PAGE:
The Federal Reserve Board, acting to stem the economy's slide, yesterday cut a key interest rate for banks, a move that makes possible other declines in short-term rates that affect business, consumers and government.

In its latest move to deal with the economy's deterioration, the Fed reduced its discount rate -- the rate financial institutions pay when they borrow money directly from the Fed -- a half a percentage point, to 6.5 percent. Most analysts expect banks across the country to follow suit by cutting their prime lending rate by a similar amount. The prime rate currently is 10 percent.

Interest rates on loans for everything from new cars to homes are likely to drop as a result. Larger businesses that raise money directly in the credit markets should be able to borrow more cheaply as well.

Bush administration economists have acknowledged that the U.S. economy is slipping significantly, and on Sunday Treasury Secretary Nicholas F. Brady said the decline likely would continue at least into the first three months of 1991. The slump has already caused enough layoffs that the nation's unemployment rate stood at 5.9 percent last month, up from 5.2 percent earlier in the year.

Yesterday's action "was taken against the background of weakness in the economy, constraints on credit and slow growth" in the nation's money supply, the Fed's announcement said. "The reduction, in part, realigns the discount rate with market interest rates."

The Fed decision also appeared to reflect concern over the health of the nation's banks, which are facing mounting losses from problem real estate loans in several parts of the country. While the effect would be more indirect, interest rate reductions the Fed has engineered over the past month and a half could help slow the decline in real estate values by lowering the cost of financing real estate purchases and encouraging buyers to enter the market.

At the White House, presidential spokesman Marlin Fitzwater welcomed the action. "It should be helpful in promoting growth in the economy in the months ahead," Fitzwater said. "This move appears justified by the {federal} budget agreement and the general slowdown." President Bush and Congress agreed last month to reduce prospective budget deficits by nearly $500 billion in coming years partly in hopes it would encourage the Fed to reduce interest rates.

The Fed made its decision public 30 minutes before New York financial markets closed. The news triggered a stock market rally, with the Dow Jones average of 30 industrial stocks rising 33.41 points to close at 2626.73.

There was no mention of inflation in the announcement, but the Fed may have been encouraged to reduce rates by a report yesterday from the Labor Department that consumer prices rose only 0.3 percent in November, half the October increase and the smallest monthly rise since May. Energy commodity prices, which had soared 28.9 percent over the previous three months following the Iraqi invasion of Kuwait, fell 0.3 percent last month, the department said.

This slowing of inflation, if it continues, could also help slow the economy's decline. The sharp rise in oil prices left consumers with less money to spend on other goods. A drop in consumer spending, particularly for new cars, has been a major factor in the economic slump.

With the cut in the discount rate, the central bank also cleared the way to lower its 7.25 percent target for the federal funds rate. The federal funds rate, which usually is kept higher than the discount rate, is the interest rate banks pay when they borrow cash from one another.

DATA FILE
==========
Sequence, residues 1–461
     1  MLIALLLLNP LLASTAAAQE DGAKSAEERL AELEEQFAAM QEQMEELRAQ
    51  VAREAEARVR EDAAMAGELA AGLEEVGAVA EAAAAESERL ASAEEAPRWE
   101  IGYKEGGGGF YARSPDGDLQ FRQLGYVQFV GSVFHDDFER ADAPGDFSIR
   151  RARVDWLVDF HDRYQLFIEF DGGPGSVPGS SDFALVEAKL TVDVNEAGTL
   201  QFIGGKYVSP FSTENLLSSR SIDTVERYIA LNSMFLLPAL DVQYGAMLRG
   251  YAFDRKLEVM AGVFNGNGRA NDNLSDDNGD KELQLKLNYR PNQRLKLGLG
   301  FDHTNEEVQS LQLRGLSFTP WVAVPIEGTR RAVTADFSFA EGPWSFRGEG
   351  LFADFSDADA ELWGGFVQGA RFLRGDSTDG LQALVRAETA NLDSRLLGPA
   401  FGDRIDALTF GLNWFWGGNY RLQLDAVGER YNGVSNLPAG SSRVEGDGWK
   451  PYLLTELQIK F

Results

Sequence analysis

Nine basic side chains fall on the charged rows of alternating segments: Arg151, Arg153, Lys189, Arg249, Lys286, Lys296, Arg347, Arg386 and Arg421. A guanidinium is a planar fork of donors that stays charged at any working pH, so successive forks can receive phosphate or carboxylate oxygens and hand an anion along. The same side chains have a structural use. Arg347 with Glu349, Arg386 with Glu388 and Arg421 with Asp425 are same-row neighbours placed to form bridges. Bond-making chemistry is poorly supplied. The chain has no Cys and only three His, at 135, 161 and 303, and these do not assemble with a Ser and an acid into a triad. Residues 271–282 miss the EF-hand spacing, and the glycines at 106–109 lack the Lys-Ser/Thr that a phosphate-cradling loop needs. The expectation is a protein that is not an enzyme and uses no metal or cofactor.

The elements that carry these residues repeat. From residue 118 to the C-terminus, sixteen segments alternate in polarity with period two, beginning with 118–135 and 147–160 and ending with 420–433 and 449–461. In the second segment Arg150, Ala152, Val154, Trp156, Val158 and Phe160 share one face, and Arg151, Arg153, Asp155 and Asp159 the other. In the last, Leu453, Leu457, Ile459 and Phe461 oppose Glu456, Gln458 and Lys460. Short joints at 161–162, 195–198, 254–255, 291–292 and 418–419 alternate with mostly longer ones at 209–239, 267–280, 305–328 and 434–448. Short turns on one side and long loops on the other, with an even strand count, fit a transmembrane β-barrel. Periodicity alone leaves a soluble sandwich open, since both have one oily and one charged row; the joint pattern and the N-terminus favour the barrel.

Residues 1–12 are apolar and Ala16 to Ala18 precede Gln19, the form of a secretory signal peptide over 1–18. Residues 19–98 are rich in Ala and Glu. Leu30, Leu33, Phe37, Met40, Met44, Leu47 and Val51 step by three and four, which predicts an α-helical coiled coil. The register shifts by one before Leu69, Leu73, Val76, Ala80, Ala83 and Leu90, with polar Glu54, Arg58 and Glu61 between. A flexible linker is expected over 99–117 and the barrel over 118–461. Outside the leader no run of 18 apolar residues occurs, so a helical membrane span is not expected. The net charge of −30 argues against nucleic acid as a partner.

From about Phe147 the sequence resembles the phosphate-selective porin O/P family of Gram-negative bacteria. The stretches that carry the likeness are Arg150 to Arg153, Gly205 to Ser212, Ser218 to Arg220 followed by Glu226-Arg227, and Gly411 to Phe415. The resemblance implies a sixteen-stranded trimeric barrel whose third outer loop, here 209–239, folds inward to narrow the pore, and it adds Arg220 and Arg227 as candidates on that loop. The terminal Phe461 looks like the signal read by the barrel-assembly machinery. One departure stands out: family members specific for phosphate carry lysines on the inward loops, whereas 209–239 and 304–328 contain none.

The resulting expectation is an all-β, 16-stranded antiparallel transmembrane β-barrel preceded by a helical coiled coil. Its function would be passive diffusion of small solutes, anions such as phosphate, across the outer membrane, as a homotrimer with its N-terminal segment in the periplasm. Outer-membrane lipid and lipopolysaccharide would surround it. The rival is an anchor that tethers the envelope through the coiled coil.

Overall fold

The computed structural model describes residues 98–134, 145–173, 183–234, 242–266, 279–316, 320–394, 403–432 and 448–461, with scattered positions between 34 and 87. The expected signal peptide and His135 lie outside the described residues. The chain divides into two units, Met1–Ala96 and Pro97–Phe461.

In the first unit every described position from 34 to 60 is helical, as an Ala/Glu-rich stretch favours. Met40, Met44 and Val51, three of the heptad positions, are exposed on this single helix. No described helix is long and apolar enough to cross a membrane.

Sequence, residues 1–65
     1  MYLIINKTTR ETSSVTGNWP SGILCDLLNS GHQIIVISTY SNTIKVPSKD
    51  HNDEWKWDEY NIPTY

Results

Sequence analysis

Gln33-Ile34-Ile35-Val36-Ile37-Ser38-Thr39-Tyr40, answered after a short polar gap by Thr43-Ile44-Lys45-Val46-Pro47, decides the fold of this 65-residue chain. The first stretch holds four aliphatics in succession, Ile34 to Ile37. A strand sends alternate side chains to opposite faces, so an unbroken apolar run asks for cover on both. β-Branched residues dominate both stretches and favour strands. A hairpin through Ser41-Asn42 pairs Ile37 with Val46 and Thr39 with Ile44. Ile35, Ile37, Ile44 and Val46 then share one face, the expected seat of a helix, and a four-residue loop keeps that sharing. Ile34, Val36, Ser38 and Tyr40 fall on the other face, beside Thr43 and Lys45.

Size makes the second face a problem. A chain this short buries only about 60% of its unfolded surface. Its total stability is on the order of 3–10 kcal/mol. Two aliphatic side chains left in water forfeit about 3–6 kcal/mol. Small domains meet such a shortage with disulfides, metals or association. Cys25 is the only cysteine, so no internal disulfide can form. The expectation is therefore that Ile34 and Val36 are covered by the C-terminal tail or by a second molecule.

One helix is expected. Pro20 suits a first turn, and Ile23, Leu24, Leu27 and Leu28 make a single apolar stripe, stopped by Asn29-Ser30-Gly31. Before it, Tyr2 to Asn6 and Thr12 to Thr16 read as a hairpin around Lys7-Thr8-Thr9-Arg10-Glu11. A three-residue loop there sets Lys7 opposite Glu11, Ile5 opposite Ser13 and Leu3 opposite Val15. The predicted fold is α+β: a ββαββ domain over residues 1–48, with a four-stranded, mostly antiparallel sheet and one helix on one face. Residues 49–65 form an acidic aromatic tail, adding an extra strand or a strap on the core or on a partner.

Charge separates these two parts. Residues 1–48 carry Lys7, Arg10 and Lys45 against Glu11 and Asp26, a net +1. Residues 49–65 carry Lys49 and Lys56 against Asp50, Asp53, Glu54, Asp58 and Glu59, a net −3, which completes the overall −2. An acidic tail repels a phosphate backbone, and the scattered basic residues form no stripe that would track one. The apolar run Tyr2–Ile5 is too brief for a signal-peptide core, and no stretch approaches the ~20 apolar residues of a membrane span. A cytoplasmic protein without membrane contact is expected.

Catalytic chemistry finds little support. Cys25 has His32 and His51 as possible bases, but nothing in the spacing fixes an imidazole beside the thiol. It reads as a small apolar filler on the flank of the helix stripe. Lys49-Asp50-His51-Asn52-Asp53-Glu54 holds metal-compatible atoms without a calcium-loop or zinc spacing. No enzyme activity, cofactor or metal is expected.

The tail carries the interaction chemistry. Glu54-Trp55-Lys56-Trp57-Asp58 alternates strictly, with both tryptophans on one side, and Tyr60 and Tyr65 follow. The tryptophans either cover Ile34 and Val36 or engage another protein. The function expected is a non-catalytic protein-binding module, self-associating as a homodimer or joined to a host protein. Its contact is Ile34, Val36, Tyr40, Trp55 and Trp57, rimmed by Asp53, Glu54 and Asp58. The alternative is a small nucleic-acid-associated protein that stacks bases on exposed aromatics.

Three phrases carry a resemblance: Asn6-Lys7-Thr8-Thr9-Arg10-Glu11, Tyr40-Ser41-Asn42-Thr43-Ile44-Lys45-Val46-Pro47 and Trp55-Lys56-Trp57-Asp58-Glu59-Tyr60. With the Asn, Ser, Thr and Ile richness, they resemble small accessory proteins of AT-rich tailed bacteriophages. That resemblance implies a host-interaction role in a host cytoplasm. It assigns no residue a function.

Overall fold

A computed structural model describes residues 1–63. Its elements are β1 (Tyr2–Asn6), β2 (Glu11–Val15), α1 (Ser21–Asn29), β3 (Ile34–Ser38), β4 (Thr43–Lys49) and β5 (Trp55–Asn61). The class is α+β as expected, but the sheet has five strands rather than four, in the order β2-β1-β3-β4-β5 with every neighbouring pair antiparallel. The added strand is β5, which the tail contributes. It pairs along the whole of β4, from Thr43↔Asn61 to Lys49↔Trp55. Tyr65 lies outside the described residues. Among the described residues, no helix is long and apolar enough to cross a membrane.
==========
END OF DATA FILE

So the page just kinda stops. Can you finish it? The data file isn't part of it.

The language of the announcement suggested that the funds rate target will be dropped to 7 percent today but not to 6.75 percent. Since most other short-term rates are linked by market forces to the federal funds rate, the quarter-point decline should be reflected throughout the money market.

Some financial analysts regarded the Fed action as an aggressive one that indicates Federal Reserve policy makers are very worried about the state of the economy.

"I really thought they would hold off" until early next year to cut the rate, said Alan Leslie, chief economist at Discount Corp. of New York, a government securities dealer. "The fact that they cited all those three reasons ... indicates they are trying to move ahead more aggressively than before. They have come to the conclusion that the economy is weaker than they have thought."

Fed sources said analysts should not read any particular meaning into the fact that the announcement came on the same day as a meeting of the Fed's top policy-making group, the Federal Open Market Committee, rather than on the following day. The FOMC, which sets the federal funds target, met yesterday morning. The Fed board, whose six members along with five presidents of regional Federal Reserve banks make up the FOMC, met after lunch to vote to cut the discount rate.

The discount rate was last changed in February 1989, when it was raised from 6.5 percent to 7 percent. Yesterday's action was the first to reduce the rate since August 1986, when it was cut from 6 percent to 5.5 percent.

In the Labor Department report on consumer prices, there was a distinct slowing of inflation. After the invasion of Kuwait, the consumer price index rose an average of 0.7 percent in August, September and October, compared with last month's 0.3 percent increase.

Aside from the absence of further energy price hikes, the CPI rose less because of a drop in apparel prices and smaller increases in the cost of housing. The department's index that tracks the value of the services a homeowner receives in the form of shelter from his house -- it is measured by checking rents in similar houses paid by tenants -- was unchanged for the second month in a row.

Over the past three months, the portions of the CPI other than food and energy rose at an annual rate of 3.6 percent, down from 6.4 percent in the three months ended in August.